Record label manager and music journalist Laurence Cane-Honeysett fell in love with reggae in 1969, before he “hit double figures”, when Desmond Dekker was top of the charts with ‘Israelites’. The label he loved most was Trojan, one of the major British reggae labels, launched in 1968 to put out singles from both Jamaican and British-based producers. Arthur ‘Duke’ Reid, Lee ‘Scratch’ Perry, Dandy Livingstone and Jimmy Cliff were all put out on Trojan.
Laurence says: “A decade later I was spending what little spare cash I had to acquire every ska, rock steady or early reggae record I could lay my hands on and during those heady days, long before the internet and eBay, this involved trawling around London, seeking out second hand record shops and jumble sales in the hope of finding a bundle of rarities at a knock down price.”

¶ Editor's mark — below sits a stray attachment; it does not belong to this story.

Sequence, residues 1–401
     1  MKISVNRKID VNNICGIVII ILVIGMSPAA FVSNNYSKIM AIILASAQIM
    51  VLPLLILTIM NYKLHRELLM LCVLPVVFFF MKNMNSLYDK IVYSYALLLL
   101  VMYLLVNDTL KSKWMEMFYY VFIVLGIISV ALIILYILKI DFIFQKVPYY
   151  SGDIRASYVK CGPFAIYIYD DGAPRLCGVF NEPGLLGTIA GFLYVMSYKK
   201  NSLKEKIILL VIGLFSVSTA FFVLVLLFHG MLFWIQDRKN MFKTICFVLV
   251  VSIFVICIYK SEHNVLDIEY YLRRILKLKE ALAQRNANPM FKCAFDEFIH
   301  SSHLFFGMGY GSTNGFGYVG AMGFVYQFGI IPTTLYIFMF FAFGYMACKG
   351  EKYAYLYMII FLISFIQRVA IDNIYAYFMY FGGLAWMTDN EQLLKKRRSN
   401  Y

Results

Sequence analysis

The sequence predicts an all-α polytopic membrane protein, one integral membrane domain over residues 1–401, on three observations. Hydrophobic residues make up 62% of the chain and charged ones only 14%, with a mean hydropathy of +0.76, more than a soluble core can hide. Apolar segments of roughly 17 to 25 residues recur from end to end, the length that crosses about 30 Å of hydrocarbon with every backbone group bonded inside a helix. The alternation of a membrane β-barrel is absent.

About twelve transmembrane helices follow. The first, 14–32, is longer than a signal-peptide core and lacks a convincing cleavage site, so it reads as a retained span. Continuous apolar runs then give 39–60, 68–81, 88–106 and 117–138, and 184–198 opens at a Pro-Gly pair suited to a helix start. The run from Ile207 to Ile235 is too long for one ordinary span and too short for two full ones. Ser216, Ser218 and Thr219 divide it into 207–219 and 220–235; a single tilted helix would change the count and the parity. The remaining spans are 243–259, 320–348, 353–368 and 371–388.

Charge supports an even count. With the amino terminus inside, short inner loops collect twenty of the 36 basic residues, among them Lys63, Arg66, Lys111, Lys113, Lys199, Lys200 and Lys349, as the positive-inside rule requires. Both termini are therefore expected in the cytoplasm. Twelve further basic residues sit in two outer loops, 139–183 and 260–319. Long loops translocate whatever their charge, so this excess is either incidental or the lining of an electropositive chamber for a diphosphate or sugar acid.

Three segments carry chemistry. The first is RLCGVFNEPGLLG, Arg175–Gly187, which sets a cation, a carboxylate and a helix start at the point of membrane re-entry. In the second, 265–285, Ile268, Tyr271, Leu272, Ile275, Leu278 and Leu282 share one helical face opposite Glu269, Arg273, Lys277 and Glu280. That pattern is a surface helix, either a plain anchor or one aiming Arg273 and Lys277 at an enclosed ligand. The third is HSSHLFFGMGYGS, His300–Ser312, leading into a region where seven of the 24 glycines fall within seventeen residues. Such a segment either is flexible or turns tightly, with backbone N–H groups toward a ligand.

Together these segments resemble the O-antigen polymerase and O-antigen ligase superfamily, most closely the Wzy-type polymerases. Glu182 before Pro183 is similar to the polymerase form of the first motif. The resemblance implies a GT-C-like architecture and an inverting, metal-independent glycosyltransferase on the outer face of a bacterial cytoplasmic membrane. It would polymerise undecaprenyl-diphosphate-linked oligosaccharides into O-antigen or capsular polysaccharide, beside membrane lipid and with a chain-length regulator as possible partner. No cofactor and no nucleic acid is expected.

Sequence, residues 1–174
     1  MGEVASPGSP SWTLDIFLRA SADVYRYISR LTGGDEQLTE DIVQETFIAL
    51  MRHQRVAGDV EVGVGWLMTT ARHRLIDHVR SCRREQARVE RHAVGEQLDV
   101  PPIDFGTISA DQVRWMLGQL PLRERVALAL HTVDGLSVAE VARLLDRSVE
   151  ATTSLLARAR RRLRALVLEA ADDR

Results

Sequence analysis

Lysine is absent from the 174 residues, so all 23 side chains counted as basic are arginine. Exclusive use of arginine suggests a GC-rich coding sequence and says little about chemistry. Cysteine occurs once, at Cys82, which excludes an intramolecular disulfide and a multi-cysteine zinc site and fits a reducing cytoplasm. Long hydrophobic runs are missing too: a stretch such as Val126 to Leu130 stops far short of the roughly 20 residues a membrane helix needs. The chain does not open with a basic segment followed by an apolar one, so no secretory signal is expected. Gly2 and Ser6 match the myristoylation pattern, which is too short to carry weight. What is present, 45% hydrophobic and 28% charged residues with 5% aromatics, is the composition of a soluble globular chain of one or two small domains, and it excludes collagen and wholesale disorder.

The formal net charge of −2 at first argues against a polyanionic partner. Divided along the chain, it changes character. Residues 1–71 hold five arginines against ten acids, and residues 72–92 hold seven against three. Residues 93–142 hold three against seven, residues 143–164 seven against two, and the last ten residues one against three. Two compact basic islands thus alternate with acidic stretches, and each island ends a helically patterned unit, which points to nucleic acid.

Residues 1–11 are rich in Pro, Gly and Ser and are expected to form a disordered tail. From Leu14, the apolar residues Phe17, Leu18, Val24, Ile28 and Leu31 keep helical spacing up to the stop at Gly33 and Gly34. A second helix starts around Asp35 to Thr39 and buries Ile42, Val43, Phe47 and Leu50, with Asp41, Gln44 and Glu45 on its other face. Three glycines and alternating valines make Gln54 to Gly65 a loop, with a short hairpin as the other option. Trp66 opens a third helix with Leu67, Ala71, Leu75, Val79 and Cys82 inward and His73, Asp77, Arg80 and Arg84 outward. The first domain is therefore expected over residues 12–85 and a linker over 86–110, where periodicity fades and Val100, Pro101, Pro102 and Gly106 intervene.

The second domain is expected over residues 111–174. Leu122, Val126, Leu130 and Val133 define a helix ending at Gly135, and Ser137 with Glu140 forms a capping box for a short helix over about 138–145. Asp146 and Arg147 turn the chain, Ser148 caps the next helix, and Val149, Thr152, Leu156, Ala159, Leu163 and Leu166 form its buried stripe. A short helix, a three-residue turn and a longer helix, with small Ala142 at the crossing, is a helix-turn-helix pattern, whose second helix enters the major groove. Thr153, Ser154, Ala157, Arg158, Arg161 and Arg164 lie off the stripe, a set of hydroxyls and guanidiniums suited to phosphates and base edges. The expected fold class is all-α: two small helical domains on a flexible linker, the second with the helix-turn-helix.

Laurence loved Trojan so much that he ended up getting a job there and over the years has been sent or given some amazing historical items produced by Trojan throughout the 1960s and 1970s. “Of these, none is more precious to me than an original genuine plastic, gold-painted medallion, which back in the day could be acquired by those who signed up to the Trojan Records fan club. Generously donated by former fan club member, Brian Chin, this much-loved piece of extremely lightweight jewellery really is an extremely rare and special item that while clearly not being the classiest piece of record merchandise ever produced, holds a particularly special place in my heart and all those nostalgic for the days when Trojan and reggae regularly topped the British charts.”
Do you have British reggae memories? If so, we’d love to see the stuff you’ve saved over on our People’s History of Pop collection page.